Sanjeev Kotnala: There is always a signal before Suicide

16 Jun,2020

By Sanjeev Kotnala

 

I am not an expert as far as depression, suicidal tendencies, mental disorders and emotional imbalance. I think I do not have victims of these conditions around me. I think. I am not sure.

 

I personally have been near that zone a few times before I started valuing life a lot more. I am not talking about being stressed in professional or personal life.

 

I am emotionally sensitive to understand a bit. All it requires is sensitivity and willingness to lend help. You don’t need to be an expert to know.

 

Yes, Birth and death are two fixed coordinates in our lives. One we celebrate and the other we fear. And, there are moments of weakness or strength when one willingly seeks death. It does not happen instantly.

 

“For reasons we don’t fully understand, some people reach such depths of despair and pain that they begin to believe that they would be better off dead,” said Dr John Campo, the chair of psychiatry and behavioural health at The Ohio State University Wexner Medical Centre.

 

The current period is no different. In fact there are more possibilities of fleeting suicide thoughts cropping in.

 

FLEETING SUICIDE THOUGHTS ARE COMMON ENOUGH.

You will be surprised that ‘Fleeting suicidal thoughts and feelings’ are relatively common. People contemplate ending their lives during periods of extreme stress or emotional disbalance, financial, family, professional or personal reasons. However, very few people act on these thoughts. They are transitory and last only for a very short time. The worst part about people dying of Suicide is that it can be prevented.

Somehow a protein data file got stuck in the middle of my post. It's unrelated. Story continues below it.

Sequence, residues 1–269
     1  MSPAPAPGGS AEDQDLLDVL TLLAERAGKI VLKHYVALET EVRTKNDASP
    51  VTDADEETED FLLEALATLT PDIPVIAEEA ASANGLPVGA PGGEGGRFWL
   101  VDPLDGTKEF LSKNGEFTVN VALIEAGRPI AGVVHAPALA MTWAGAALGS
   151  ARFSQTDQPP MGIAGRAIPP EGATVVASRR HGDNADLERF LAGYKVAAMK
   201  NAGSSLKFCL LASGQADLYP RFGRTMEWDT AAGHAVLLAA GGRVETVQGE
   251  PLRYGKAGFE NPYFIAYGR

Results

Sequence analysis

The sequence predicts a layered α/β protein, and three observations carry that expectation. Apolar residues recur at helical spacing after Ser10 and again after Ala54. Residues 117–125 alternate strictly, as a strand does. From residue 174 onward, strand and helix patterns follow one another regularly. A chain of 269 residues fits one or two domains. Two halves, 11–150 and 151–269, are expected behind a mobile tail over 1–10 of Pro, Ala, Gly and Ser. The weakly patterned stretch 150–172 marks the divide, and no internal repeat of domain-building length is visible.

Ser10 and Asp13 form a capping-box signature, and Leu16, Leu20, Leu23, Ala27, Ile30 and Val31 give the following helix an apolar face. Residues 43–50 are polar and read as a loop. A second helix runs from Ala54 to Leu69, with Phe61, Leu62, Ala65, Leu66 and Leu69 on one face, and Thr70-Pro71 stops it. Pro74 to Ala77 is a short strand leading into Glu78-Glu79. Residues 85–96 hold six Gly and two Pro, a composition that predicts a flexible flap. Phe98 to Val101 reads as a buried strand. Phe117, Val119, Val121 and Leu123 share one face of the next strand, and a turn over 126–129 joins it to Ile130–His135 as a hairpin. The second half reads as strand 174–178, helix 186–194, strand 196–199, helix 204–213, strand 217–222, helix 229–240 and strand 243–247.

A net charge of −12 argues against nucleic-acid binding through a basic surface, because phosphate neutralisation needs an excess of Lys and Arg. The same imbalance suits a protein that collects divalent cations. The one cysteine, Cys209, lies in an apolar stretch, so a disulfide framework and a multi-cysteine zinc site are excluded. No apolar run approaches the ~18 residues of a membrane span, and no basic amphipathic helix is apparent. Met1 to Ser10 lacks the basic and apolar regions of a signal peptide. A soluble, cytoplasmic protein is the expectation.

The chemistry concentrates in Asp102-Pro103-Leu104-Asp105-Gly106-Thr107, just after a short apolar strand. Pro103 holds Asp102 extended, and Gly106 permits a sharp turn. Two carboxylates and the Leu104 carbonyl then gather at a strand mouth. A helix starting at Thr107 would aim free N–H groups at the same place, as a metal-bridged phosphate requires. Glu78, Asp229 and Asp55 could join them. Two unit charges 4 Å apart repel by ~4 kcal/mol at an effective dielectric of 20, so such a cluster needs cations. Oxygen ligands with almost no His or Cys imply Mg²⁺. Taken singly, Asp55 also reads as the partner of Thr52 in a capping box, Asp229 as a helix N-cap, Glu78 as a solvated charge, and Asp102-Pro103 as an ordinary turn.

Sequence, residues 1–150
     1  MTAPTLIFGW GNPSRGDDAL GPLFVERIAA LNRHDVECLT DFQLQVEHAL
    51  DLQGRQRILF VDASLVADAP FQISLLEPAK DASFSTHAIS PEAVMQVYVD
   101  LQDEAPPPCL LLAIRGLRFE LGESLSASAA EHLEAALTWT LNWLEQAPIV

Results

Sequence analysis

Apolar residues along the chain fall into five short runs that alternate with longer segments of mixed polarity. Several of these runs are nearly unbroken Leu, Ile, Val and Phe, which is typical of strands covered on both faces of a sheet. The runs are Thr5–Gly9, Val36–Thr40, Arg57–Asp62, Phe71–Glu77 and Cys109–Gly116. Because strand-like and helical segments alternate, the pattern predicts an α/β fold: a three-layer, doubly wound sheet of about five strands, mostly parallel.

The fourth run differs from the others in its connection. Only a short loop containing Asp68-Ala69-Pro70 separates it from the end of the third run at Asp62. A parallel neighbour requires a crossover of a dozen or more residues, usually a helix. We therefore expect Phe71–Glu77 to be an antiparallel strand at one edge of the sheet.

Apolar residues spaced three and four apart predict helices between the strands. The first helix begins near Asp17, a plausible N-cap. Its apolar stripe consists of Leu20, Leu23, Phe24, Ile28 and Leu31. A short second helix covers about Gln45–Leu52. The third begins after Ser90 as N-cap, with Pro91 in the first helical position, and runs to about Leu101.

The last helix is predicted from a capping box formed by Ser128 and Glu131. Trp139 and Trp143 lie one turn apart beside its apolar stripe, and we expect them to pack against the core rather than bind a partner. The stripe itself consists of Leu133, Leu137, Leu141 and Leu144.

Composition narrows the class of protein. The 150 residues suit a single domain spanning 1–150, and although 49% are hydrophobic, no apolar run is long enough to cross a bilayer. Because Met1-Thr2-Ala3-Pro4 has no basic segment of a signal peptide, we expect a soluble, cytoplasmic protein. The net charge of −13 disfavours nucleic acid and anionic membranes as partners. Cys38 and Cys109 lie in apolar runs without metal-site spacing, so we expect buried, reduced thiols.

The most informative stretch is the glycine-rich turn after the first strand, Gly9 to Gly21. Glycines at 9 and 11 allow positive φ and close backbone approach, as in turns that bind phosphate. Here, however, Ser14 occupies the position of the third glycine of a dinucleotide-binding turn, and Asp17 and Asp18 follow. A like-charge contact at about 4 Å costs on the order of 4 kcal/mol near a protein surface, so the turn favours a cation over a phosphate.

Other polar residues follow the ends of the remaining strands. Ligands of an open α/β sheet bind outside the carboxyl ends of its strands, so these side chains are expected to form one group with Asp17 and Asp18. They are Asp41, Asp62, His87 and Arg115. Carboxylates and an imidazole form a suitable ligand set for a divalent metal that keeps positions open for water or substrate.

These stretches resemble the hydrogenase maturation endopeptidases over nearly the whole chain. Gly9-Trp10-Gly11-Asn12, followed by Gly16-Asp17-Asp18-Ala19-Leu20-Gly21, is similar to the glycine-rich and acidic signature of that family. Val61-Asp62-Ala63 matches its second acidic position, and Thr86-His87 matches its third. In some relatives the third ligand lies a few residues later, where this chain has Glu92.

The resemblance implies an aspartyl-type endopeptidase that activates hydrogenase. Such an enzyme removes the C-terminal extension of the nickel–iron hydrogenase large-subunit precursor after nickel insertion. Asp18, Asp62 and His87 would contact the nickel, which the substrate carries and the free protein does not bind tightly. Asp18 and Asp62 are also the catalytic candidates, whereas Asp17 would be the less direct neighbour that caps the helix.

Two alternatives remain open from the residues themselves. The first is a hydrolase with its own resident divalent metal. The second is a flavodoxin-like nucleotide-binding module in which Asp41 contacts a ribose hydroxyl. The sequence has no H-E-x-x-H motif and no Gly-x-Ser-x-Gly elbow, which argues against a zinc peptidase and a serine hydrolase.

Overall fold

INDIA SUICIDE WATCH.

As per MINT in 2018, India accounts for over 33% of the world’s annual female suicides and nearly 25% of male suicides. As per Indian National Crime Records Bureau as of 2016, male rates ranged around 14 per 100,000, while female rates decreased from 9 to 7 per 100,000 over the 13 years. UN Health agency report released in 2019 pegged India’s suicide rate at 16.5 suicides per 100,000 people. These are huge figures. Yet, India does not have a strategy and the agency to look after prevention of Suicide.

 

It IS NOT IMPULSIVE.

There is always a period of contemplation and re-search. The period which decides which way the pendulum could swing. It is the period when any listening and togetherness of near and dear ones could change the future path. Then there is the zone of momentary madness and action. Here too, till the last moment, there is a possibility of disengagement with the thought.

 

THE PRESSURE BUILDS UP.

It is like the volcano that keeps building up or the tectonic plates that are pressured against each other. Both times to time need a release of the pressure for the calmness to continue. The human body and soul work on the first principle of survival. Seeking death is not a part of SOP. So, the person sends out signals. Unfortunately, because of the taboo surrounding such thoughts, the signs are cryptic and coded. However, the messages are always there. It is different that we misread them or tend to ignore them as an aberration.

 

EMERGENCY AND TABOO.